The places where smoking is permitted in the city could soon change if a new state bill passes that puts smoking policies in the control of local governments.
The Local Option Bill, sponsored by Sen. Bill Ketron, R-Murfreesboro, would repeal the tobacco preemption clause, which says that state law trumps local laws pertaining to where smoking is prohibited.
The new bill would allow municipal governments to create their own policies to regulate smoking in certain areas.
Those areas include hotels, parks, public property, age-restricted venues, and private clubs, according to the bill.
Currently in Memphis, per city ordinance, smoking is only illegal in public elevators, on city buses, in retail stores, at the Mid-South Coliseum, the Cook Convention Center, as well as any theater, hall, hotel, or public building “that smoking is dangerous.”
“As written today, the state law is ignoring the will of the people in local communities who desire smoke-free air,” Bob Ramsey, chairman of the State Government Committee, said. “The air we breathe is a public safety matter — no one should be forced to walk around in a cloud of poison.
“Telling a community you have control over your smoking-related policy is simply the right thing to do,” Ramsey continued.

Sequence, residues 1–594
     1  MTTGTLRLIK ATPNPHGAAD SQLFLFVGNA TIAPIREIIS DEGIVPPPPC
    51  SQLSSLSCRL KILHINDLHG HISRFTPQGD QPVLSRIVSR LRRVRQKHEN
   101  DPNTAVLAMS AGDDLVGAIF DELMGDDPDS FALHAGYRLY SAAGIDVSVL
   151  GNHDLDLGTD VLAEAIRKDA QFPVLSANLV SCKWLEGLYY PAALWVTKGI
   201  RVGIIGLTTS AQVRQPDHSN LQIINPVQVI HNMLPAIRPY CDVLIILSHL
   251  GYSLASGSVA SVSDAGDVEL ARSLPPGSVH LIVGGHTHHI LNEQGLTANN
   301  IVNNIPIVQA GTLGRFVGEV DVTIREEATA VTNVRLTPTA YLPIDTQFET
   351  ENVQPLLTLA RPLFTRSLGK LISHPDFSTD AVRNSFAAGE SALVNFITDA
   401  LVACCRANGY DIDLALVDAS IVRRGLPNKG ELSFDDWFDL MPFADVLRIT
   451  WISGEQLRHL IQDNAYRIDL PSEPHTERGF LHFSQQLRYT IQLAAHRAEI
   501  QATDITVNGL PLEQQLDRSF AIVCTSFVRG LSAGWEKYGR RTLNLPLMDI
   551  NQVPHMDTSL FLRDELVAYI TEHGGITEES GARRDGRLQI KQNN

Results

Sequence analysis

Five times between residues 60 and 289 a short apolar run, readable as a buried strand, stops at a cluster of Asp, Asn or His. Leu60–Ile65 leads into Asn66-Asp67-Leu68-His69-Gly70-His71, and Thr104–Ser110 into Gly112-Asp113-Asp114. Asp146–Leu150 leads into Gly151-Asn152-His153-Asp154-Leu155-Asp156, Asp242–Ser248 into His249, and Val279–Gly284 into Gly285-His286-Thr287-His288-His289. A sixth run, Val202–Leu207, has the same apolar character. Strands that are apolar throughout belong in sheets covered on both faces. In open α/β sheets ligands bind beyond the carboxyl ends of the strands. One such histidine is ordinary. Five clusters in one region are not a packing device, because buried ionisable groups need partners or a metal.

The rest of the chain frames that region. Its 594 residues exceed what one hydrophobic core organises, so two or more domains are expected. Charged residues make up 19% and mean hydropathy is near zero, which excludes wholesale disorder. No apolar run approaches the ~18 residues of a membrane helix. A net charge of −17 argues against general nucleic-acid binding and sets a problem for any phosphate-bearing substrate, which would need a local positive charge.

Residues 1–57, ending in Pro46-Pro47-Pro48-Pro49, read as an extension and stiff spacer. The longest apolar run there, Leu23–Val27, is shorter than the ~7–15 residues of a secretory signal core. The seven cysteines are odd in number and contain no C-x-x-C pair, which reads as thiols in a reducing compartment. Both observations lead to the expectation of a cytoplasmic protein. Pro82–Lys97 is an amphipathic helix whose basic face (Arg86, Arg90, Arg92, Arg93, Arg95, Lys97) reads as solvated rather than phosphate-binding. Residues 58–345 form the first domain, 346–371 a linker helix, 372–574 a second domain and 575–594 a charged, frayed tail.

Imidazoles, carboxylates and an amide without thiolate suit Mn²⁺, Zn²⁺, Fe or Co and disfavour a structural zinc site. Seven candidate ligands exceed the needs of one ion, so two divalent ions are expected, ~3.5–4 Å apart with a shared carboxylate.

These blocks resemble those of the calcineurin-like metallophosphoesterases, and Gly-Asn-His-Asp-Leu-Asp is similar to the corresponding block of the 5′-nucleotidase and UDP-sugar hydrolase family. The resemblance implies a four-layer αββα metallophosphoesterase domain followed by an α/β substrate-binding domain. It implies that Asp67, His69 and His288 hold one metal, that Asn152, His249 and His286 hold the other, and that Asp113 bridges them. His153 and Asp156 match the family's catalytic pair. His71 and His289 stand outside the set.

Officials with the American Heart Association believe that passing the bill will reduce health issues related to secondhand smoke, like cardiovascular disease.
More than 41,200 non-smoking Americans die from heart disease and lung cancer each year due to exposure to secondhand smoke, according to the Center for Disease Control and Prevention.
“It is 2018, yet so many Tennesseans are not given an option to breath clean air,” Christian Marks, chairperson of the American Heart Association’s Tennessee State Advocacy Committee said. “The choice is to limit the places they visit or risk being exposed to secondhand smoke.”
The association is one of several organizations that comprise a coalition supporting the bill. Other organizations backing the bill include the American Cancer Society, Cancer Action Network, Americans for Nonsmokers Rights, the American Lung Association, and Tobacco Free Kids.
A study done by Tobacco Free Kids showed that annually in Tennessee smoking directly leads to $2.67 billion in healthcare costs and $3.59 billion in productivity loss.
If passed, the bill will go into effect on July 1.